Rare Texas Critters Get Protected Habitat
Nine cave-dwelling species in Bexar County, Texas, got 4,200 acres of protected "critical habitat" Monday in response to a lawsuit from the Center for Biological Diversity and friends. The designation is almost four times the size of a previous, Bush-era designation and will help protect the often-blind, colorless, dark-adapted invertebrates from urban sprawl that’s threatening to blight the life-sustaining entrances to their caves. On average, species that have been given critical habitat under the Endangered Species Act are twice as likely to be recovering as those without it.
With colorful names like "robber baron cave harvestman" and "vesper cave spider," the nine species depend for their survival on native vegetation around their cave openings, which will be better protected now that critical habitat has been finalized. The vegetation is a source of food, climate regulation and humidity control for the creatures -- as well as a barrier to the invasion of enemies like fire ants.
Read more in our press release.
Vanishing Eastern Mussels Win New Protections
Two colorfully named mussels, the snuffbox and the rayed bean, are finally getting protected under the Endangered Species Act. Monday's decision is the latest result of the Center for Biological Diversity's landmark agreement, reached in 2011, to move 757 species closer to permanent protection.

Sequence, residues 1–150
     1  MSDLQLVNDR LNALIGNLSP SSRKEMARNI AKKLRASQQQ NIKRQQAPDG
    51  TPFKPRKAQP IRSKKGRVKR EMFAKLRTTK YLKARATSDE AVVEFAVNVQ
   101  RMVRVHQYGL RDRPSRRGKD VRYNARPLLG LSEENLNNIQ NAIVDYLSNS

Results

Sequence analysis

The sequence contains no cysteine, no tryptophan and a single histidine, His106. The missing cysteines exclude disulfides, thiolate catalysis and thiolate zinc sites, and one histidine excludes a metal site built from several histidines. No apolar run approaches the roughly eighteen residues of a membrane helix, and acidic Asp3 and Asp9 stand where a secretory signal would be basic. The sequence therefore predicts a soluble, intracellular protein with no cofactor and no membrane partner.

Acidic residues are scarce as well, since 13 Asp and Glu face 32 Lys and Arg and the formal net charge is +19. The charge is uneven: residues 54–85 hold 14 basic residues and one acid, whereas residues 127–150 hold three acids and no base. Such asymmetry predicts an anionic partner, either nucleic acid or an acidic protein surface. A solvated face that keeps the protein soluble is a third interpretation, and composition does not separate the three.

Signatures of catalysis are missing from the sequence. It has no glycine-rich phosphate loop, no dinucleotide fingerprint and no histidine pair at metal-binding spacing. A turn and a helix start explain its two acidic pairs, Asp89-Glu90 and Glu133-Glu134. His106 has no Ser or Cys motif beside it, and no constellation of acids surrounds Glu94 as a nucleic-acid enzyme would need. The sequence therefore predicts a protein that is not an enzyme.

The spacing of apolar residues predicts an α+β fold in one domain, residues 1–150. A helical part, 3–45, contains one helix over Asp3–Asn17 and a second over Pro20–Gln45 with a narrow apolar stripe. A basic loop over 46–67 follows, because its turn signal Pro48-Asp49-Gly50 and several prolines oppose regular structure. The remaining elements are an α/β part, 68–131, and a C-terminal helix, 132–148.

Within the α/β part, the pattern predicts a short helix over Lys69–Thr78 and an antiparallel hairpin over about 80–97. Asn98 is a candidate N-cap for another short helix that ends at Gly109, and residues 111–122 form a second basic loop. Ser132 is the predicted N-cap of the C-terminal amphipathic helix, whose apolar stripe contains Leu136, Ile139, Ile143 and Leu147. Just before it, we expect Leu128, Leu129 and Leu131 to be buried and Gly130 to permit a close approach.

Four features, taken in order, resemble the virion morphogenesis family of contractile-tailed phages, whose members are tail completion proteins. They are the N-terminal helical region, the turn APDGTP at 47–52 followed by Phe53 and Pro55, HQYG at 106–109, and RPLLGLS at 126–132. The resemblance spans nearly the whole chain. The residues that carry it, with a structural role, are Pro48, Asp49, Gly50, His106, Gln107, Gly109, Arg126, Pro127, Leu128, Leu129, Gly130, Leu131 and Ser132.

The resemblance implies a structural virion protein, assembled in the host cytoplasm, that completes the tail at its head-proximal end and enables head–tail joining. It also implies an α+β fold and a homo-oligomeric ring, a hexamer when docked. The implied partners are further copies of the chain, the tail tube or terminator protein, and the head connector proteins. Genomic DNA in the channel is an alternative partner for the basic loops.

Freshwater mussels are the most endangered group of species in North America, primarily because they're highly vulnerable to pollution. The rayed bean, which is a greenish mussel with wavy stripes, has vanished from 70 percent of its former range; it's been on the waiting list for protection since 1984. The snuffbox, a yellowish mussel with triangular females and oval males, has declined by more than 60 percent, a candidate for protection since 1991.
Protecting these species will also mean protecting the clean water people need.
Read more in The Republic.
Help Bring Back Wolves to California -- Donate Today
In late December, a young wolf born in northeastern Oregon wandered into California, and, as he crossed the state line, ushered in a new era of wolf recovery. The arrival of the wolf -- named Journey or OR7, depending on who you ask -- opens the door to the possibility of wild wolves returning to California, as more wolves will inevitably follow in this wolf's footsteps.